Beltran Hit A Curveball For That Ninth Inning Series Winning RBI
Game Four of the ALDS between the Red Sox and Astros was a just a bizarre game with many things you may not have seen before in a baseball game and some things may never see again in a game. Both Chris Sale and Justin Verlander came into the game in relief, and both would give up the lead. For that matter so would Craig Kimbrel. To lead off the top of the ninth, Rafael Devers would hit an inside-the-park homer.
All of these things and many more of the events that happened in the game were truly remarkable. However, there is one that stands out above the rest for Mets fans.
In the top of the ninth, the Astros were trying to add an insurance run to their 4-3 lead. With runners on first and second and two outs, Astros manager A.J. Hinch would tab Carlos Beltran to pinch hit for designated hitter Evan Gattis. With a 2-2 count against him, Beltran would foul off three straight pitches before hitting a curveball off the Green Monster for an RBI double extending the Astros lead to 5-3. With Devers’ aforementioned inside-the-park homer in the bottom of the ninth, Beltran would have the game winning hit; a hit that came off of a curveball. It should come as no surprise to Mets fans this was the first ninth inning RBI in Beltran’s illustrious postseason career.
While all of Houston rejoiced, Mets fans were once again shaking their heads with visions of a Beltran frozen by an Adam Wainwright curveball.
Throughout his career, Beltran has certainly earned a reputation for one of the greatest postseason hitters in Major League history. When Cooperstown comes calling, one of the reasons for Beltran’s induction will be his October exploits. Mets fans are certainly no stranger to them.
Many forget before that strikeout, Beltran had hit three homers in that series against the Cardinals. The Mets don’t win Game One of that series, let alone get to a Game Seven without Beltran. If the Mets won that Game Seven, it was truly a toss-up between him and Carlos Delgado as to who was going to be the NLCS MVP. When Beltran dug in against Wainwright with a berth to the World Series on the line, it looked like it was going to be Beltran.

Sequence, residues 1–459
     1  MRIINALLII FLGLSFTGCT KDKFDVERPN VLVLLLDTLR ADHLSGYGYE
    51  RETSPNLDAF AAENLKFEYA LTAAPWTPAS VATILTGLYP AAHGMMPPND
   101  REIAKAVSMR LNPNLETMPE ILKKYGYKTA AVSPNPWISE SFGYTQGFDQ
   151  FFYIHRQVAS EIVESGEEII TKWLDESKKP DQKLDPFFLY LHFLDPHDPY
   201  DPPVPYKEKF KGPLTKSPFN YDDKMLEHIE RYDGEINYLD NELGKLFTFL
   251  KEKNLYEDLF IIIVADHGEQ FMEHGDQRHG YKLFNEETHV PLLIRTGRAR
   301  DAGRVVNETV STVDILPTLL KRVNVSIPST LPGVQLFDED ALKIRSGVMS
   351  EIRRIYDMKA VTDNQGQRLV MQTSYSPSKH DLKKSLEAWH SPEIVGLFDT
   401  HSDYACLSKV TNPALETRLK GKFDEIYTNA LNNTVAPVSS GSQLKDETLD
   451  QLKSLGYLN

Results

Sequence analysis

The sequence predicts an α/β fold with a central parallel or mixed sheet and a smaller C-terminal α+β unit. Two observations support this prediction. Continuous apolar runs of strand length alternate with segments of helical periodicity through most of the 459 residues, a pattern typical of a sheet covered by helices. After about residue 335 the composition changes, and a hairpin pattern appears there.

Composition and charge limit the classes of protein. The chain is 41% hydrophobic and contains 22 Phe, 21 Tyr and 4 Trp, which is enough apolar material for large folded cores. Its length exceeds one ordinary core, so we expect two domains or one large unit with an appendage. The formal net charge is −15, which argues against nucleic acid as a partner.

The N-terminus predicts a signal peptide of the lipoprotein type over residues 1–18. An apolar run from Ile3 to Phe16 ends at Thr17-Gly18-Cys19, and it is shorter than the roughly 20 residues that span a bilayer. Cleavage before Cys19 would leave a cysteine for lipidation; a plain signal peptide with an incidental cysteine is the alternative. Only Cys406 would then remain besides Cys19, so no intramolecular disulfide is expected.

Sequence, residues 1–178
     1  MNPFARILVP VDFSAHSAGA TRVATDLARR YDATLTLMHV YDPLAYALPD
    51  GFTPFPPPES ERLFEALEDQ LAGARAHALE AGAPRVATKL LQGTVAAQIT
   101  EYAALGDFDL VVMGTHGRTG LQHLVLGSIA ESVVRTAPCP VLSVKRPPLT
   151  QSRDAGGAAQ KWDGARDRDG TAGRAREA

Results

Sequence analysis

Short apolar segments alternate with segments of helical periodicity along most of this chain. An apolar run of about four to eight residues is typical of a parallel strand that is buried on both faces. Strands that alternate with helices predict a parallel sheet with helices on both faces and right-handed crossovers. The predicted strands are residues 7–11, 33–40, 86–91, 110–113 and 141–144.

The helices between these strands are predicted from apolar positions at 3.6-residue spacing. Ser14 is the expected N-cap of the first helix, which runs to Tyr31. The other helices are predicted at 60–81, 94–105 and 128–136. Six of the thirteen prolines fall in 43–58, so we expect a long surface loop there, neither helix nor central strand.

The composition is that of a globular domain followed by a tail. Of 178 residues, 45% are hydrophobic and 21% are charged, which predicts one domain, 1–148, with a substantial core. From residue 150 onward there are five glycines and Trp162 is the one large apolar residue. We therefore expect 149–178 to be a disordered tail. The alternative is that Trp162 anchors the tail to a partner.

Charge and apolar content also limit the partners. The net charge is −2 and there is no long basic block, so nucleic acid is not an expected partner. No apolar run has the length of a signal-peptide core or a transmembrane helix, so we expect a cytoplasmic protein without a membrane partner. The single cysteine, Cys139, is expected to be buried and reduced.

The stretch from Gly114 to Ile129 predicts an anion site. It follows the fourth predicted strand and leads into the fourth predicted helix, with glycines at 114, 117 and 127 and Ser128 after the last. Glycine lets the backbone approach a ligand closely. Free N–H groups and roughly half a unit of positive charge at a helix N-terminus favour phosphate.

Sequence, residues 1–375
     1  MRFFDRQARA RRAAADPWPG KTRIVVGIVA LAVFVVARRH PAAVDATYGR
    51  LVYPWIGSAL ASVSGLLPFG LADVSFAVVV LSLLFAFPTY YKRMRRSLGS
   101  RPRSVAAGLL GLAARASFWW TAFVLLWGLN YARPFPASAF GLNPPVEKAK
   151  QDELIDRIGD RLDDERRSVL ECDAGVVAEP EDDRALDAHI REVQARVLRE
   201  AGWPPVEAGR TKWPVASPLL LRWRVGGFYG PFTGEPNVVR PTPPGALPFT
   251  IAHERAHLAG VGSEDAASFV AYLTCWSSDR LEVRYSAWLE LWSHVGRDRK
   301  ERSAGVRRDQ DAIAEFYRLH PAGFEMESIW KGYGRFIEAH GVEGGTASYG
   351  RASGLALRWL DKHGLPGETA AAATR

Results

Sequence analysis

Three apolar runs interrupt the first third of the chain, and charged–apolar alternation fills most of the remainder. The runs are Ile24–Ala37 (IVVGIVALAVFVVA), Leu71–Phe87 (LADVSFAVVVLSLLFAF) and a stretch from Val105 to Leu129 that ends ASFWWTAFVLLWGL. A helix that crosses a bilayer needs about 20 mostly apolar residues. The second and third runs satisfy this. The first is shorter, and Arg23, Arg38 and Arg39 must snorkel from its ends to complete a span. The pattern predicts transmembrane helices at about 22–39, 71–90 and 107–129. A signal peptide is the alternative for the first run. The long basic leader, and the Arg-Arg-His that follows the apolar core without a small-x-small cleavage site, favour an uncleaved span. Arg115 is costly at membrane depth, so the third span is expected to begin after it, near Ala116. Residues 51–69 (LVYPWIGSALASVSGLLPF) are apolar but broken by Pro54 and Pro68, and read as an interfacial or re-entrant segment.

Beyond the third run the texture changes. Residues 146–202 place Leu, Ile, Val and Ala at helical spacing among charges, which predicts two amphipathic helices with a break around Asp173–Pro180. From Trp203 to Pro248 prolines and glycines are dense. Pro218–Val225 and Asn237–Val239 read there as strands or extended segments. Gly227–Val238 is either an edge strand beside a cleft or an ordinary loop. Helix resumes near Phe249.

But it wasn’t. And so a part of Beltran’s complicated legacy as a baseball player and a New York Met soon crystallized.
Beltran is one of the greatest postseason players in Major League history, but he didn’t even attempt to swing at a pitch that ended the World Series. The Mets would never have gotten to that point without Beltran, but in reality, during his tenure with the Mets, the team was mostly disappointing with two emotionally crippling collapses in subsequent seasons. Beltran was one of the greatest Mets to ever wear the uniform, but for some reasons, even before the strikeout, Mets fans never seemed to fully embrace him.
Regardless of the past, Beltran was a great Mets player, who absolutely gave it his all with the Mets. He did all he could do to be a great player here and to ensure the Mets success. Lost in his legacy was his immediately taking David Wright and Jose Reyes to workouts with him to show them what it took to be a great baseball player.
So yes, Beltran struck out looking against Wainwright, and he doubled off Kimbrel. Mets fans were depressed, and all of Houston rejoiced. Mets fans should be happy as well, and not just because a former Met won a game against a former Brave.
Beltran was a great Mets player who deserves our admiration and respect even if he wasn’t fully given it while he was a member of the Mets. He was a great Met who did everything he could do to help them win. He was a Gold Glove, Silver Slugger, MVP caliber player the Mets have not seen from an outfielder before and have not seen since. We should cheer for him when he finally gets that game winning series clinching hit, and we should want him to get that elusive World Series ring.